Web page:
I have a friend who I regularly WhatsApp message with, and I have come to love the asynchronous communication that WhatsApp allows. We are able to get into some deeper exchanges that may not be as available to us if we were in real time with one another because we can listen, think and then respond when we are ready.
Over the weekend, we talked about having different friends and how sometimes we have to be different people in different settings. I said how inefficient that was! I said it in a flippant way noting how capitalistic I sounded but pondering on it some more, it really is true.
The mental and emotional bandwidth taken up by being a different person to different people is a modern day phenomenon. I want to acknowledge that this is especially the case for marginalized people. When our brains evolved, we weren’t navigating a life that required for us to don so many hats in countless social situations and settings. Our bodies are built for efficiency and spending that much brain and heart power on these various social situations is rather inefficient.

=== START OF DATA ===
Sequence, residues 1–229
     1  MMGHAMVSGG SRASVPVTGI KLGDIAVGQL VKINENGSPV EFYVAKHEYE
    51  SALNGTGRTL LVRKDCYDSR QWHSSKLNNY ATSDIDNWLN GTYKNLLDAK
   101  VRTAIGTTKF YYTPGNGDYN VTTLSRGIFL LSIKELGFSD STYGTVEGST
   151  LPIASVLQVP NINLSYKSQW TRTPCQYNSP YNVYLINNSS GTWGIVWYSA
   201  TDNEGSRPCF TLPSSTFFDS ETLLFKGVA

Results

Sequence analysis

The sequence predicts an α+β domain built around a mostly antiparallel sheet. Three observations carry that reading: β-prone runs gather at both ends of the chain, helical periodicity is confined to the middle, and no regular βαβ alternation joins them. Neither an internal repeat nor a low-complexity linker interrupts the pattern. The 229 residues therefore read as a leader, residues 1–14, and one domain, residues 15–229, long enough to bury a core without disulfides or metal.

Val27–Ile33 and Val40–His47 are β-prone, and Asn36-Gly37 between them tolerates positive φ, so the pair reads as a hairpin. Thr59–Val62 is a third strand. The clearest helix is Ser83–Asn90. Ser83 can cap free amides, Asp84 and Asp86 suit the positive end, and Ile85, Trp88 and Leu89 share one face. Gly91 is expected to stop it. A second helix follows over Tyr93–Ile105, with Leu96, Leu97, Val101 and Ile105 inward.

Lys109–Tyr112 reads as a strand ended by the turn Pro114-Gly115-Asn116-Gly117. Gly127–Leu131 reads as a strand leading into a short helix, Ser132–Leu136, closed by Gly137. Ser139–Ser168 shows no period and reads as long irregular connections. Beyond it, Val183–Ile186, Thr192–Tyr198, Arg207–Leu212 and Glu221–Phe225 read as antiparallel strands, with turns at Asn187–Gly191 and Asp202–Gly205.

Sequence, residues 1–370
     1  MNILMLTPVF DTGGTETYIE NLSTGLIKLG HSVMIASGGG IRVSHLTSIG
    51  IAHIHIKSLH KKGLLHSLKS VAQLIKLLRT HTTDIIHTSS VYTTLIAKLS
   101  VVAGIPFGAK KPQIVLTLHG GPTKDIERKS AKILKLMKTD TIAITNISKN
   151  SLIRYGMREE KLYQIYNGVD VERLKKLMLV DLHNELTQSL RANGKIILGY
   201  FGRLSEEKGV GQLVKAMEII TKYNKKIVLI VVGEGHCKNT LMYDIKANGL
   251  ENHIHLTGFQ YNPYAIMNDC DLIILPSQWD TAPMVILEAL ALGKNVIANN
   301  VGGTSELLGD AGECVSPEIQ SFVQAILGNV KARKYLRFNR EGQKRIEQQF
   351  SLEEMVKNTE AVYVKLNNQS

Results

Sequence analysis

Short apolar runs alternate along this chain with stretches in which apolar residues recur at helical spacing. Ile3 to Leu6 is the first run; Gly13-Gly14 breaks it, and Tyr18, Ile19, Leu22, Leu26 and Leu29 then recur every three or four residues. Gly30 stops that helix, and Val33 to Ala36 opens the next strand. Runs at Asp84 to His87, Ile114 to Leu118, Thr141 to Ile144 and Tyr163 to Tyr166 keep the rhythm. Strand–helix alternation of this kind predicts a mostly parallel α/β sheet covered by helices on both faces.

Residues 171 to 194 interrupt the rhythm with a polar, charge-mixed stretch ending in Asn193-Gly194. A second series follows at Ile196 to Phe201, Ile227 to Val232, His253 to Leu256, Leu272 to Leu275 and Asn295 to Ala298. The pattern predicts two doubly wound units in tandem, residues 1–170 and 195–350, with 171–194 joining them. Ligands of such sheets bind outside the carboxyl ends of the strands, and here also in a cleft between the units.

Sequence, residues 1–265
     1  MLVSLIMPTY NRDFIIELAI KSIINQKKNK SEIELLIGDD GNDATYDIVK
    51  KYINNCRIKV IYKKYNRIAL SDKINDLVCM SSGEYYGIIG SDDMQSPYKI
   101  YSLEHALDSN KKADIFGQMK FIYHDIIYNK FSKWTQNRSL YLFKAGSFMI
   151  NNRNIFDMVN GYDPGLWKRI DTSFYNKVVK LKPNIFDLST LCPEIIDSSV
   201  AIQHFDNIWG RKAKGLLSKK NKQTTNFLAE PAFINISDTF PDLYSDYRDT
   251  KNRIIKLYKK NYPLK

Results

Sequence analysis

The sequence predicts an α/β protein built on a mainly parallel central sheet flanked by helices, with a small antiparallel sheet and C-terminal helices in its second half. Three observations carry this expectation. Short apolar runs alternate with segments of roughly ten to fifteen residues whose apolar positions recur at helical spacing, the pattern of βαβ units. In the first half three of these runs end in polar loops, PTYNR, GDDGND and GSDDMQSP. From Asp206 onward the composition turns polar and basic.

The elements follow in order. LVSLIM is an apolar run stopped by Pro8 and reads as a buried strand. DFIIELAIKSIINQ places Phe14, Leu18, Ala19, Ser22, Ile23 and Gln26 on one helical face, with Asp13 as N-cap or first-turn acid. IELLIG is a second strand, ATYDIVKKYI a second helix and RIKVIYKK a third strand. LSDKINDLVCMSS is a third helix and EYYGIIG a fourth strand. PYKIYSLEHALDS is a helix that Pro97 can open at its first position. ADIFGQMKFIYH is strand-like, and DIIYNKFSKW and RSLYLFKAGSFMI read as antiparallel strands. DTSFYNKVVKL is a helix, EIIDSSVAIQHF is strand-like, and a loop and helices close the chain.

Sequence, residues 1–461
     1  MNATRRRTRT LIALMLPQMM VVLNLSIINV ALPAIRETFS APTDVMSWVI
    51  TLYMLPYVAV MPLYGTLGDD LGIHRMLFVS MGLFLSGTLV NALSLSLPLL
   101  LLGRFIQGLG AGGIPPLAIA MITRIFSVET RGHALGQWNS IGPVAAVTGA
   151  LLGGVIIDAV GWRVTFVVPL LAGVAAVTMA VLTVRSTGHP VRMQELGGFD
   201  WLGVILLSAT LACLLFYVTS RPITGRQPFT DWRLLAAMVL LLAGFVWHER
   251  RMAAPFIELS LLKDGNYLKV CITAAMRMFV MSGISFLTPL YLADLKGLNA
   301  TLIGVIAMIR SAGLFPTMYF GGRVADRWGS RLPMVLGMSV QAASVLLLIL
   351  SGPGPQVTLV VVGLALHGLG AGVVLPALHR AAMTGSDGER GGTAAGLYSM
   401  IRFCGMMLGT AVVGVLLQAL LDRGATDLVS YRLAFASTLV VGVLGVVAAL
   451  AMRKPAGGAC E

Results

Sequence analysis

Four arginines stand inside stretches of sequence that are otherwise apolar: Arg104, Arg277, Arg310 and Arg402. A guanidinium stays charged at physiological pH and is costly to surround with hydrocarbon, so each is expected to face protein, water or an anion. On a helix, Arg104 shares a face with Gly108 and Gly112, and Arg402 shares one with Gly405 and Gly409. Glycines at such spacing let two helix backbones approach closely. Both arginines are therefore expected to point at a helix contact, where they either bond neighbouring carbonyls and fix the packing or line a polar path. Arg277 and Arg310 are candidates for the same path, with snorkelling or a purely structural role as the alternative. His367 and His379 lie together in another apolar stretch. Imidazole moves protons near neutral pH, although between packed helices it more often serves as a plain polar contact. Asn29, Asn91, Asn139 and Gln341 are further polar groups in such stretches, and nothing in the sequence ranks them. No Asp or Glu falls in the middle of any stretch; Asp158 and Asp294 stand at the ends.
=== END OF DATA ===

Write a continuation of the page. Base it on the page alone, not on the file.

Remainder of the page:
Our brains were built for efficiency, and our identities were developed to be congruent. When we switch between all of these roles, we can get burnt out. Maybe the burn out is explained away because “I am an introvert” or “I just don’t like people”, but maybe it’s just that our brains don’t want to be working on overdrive all the time because we aren’t in congruency. (This doesn’t even get into the nervous system responses we have in spaces where we may not feel safe being ourselves.)
I don’t think the answer is that we hang out with all the same kinds of people all of the time because the richness of life and society is the interweaving of many different kinds of people. I think the answer is, as idealistic as it may sound, to practice being ourselves in every setting that feels safe to do so (this includes growing our sense of safety through the inner work to soothe our nervous systems) and to create safe spaces for others to do the same so that becomes normal in our culture.
What are the two settings in your life where you have to wear the two most different hats? Or maybe there are none. I’d love to hear! And when I get your reply, I’ll be sure to share mine with you as well.
A daily practice challenges the person who creates on “inspiration.” We have to mother everyday, and ultimately, it is the daily grind that gives us perspective, clarity and the “high’s” of motherhood. I am exploring if the same happens when I write everyday on the topics that normally light me up – motherhood, self-development, healing and creating. Sign up here to receive those thought nuggets in your inbox on the daily.